Contents

Thrones in ancient cultures

During the Middle Kingdom period, the Dragon Throne of the Emperor of China was erected at the center of the Forbidden City, which was itself regarded as the centre of the world. The series of gates and passages a visitor had to pass through before reaching the emperor was intended to inspire awe.
During the Middle Kingdom period, the Dragon Throne of the Emperor of China was erected at the center of the Forbidden City, which was itself regarded as the centre of the world. The series of gates and passages a visitor had to pass through before reaching the emperor was intended to inspire awe.
Royal thrones in the Residenz of Munich, Bavaria
Royal thrones in the Residenz of Munich, Bavaria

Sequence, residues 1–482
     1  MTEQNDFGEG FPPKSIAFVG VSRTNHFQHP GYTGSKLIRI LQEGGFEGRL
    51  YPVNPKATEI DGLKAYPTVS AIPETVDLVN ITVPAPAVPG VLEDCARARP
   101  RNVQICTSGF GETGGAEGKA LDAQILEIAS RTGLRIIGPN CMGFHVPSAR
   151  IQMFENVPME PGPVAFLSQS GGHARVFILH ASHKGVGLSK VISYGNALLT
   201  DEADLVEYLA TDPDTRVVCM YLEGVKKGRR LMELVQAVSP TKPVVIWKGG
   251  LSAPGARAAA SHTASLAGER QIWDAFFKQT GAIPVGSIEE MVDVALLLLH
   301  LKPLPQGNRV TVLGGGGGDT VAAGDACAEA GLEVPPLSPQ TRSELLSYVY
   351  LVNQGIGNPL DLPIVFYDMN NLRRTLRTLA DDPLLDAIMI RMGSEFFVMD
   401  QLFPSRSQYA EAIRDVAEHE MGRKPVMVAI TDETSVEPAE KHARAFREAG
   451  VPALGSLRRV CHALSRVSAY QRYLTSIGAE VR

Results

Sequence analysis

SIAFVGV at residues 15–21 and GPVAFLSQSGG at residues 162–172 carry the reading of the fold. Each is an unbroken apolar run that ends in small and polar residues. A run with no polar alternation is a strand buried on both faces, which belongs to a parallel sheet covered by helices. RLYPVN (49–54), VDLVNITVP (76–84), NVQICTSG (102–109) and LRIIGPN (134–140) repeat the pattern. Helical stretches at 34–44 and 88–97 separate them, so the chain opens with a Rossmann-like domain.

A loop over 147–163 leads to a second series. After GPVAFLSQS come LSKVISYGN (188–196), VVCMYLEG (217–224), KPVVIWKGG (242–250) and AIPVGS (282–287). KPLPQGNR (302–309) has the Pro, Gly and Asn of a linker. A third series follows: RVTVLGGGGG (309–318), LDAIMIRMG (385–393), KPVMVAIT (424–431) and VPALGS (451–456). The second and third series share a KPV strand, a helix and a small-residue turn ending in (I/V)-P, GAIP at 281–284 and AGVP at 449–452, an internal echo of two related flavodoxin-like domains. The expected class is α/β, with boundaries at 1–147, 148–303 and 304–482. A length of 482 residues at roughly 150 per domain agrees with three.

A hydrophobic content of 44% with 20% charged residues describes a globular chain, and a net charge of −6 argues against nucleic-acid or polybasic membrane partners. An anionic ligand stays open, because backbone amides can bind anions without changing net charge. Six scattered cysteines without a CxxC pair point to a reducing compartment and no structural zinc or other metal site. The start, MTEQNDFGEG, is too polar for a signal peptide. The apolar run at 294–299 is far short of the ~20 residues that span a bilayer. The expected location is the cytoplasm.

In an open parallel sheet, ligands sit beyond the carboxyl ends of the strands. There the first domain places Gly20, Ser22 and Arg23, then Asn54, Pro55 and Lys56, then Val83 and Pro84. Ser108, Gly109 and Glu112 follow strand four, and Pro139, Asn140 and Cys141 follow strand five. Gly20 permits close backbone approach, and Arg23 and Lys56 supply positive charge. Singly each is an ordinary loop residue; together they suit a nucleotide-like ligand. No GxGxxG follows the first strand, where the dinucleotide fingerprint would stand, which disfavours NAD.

Thrones have been the symbol of monarchs and deities since ancient times. In some cultures, an early form of the throne was used in coronation ceremonies, or to lift the monarch up above all others present. Thrones have ever since been associated with royal power. Inside the Forbidden City. ... Inside the Forbidden City. ... The history of China is told in traditional historical records that refer as far back as the Three Sovereigns and Five Emperors about 5,000 years ago, supplemented by archaeological records dating to the 16th century BC. China is one of the worlds oldest continuous civilizations. ... Dragon Throne could refer to: A historical name ascribed to the Imperial Throne of China. ... For the volcano in Indonesia, see Emperor of China (volcano). ... For other uses, see Forbidden City (disambiguation). ... Image File history File linksMetadata Download high resolution version (1049x1553, 156 KB) Description: Einer der Thronsaale des Bayerischen Königs, Residenz München. ... Image File history File linksMetadata Download high resolution version (1049x1553, 156 KB) Description: Einer der Thronsaale des Bayerischen Königs, Residenz München. ... The entrance front The Wurzburg Residenz is a palace in Wurzburg, Germany. ... For other uses, see Munich (disambiguation). ... For other uses, see Bavaria (disambiguation). ... For other uses, see Monarch (disambiguation). ... Look up deity in Wiktionary, the free dictionary. ... The span of recorded history is roughly 5,000-5,500 years, with cuneiform possibly being the oldest form of writing. ... A asses is a ceremony marking the investment of a monarch with regal power through, amongst other symbolic acts, the placement of a crown upon his or her head. ...